What Is Depression?
Depression is a mood disorder that causes ongoing feelings of sadness, hopelessness, grief and/or anger with disinterest in normal, daily activities. These feelings may affect sleep, job performance, relationships, physical health, as well as the ability to complete ordinary tasks. All humans have feelings of sadness and loss from time-to-time and experience difficult life events, but what distinguishes this from depression is that depression is a continuation of these feelings over a significant period of time, impeding normal daily function.
Causes Of Depression
There is still much to learn about mood disorders and the brain, and it might not be easy to determine the root of a person’s depression. However, mood disorders can be biological in nature, meaning that it can be passed down in families or a person can be born with a higher chance of developing the disorder. Stressful life events, such as a divorce, death of a loved one or serious medical condition, can also alter brain chemistry and increase a person’s susceptibility of developing depression. Depression may first appear in children or teens and can continue into adulthood. Depression may occur only once in a person’s life after a major life-altering event, or depression may recur multiple times throughout one’s life.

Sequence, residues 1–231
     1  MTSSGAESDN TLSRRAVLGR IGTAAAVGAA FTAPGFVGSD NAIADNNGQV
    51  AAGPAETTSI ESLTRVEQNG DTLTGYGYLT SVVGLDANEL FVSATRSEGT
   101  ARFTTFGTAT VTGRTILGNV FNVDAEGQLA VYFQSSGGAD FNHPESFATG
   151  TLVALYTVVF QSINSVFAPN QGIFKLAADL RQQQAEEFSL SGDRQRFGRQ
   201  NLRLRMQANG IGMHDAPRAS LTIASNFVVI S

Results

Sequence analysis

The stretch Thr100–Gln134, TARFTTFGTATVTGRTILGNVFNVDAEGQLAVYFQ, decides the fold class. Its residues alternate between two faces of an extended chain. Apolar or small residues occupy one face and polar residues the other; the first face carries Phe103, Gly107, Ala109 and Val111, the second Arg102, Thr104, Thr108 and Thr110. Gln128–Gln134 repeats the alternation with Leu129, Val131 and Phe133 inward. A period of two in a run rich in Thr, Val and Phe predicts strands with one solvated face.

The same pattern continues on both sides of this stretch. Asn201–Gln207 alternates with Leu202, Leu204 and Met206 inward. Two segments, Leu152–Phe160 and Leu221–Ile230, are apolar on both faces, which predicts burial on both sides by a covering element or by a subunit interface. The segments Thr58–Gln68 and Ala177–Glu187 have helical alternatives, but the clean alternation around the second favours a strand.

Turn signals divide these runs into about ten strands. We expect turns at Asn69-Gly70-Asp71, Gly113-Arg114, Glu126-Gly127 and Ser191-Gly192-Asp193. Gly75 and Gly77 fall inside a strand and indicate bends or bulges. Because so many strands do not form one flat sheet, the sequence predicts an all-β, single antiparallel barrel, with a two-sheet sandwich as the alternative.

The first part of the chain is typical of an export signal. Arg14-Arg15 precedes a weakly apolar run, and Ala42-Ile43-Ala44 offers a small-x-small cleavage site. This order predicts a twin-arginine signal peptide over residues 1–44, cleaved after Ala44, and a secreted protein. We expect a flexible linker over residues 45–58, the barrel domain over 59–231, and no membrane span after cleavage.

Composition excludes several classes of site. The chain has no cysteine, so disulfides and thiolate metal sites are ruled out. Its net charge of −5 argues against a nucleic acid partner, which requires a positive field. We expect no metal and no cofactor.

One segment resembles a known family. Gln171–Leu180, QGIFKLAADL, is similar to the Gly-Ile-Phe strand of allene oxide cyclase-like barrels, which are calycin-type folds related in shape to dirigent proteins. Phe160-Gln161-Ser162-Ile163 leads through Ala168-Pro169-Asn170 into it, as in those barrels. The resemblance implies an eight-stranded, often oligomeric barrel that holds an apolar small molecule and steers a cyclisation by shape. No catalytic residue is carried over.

Symptoms Of Depression
Depression can cause a variety of symptoms. Symptoms can affect the way you feel, both emotionally and physically. Depression can affect men, women, and children differently and may include some of these symptoms:
- Anger, irritability, anxiousness
- Feelings of sadness or hopelessness
- Loss of interest in favorite activities, fatigue, suicidal thoughts, excessive drinking or using drugs
- Lack of sexual desire or performance
- Difficulty completing tasks or concentrating
- Disruptions in sleep patterns
- Unexplained body pains, headache, digestive problems, weight loss or gain
Depression is a medical condition that is typically best addressed with a combination of psychotherapy and medication. Without treatment, depression may become worse and lead to harmful thoughts and actions; however, treatment can help improve quality of life. Lifestyle choices can also significantly impact mood disorders and improve life enjoyment. Avoiding excessive alcohol and drugs, eating a balanced diet, getting plenty of sunshine, daily exercise, avoiding negative people, and participating in activities you enjoy can help improve mood disorders, such as depression.
When To Get Emergency Help
If you feel that you may hurt yourself or attempt suicide, call 911 or your local emergency number immediately. Here are some other options if you’re having suicidal thoughts:
- Call your doctor or mental health professional.
- Call a suicide hotline number — in the U.S., call the National Suicide Prevention Lifeline at 1-800-273-TALK (1-800-273-8255).
- Reach out to a close friend, loved one, or spiritual leader.
If you have a loved one who is in danger of suicide or has made a suicide attempt, do not leave that person alone. Call 911 or your local emergency number immediately. Or, if you think you can do so safely, take the person to the nearest hospital emergency room.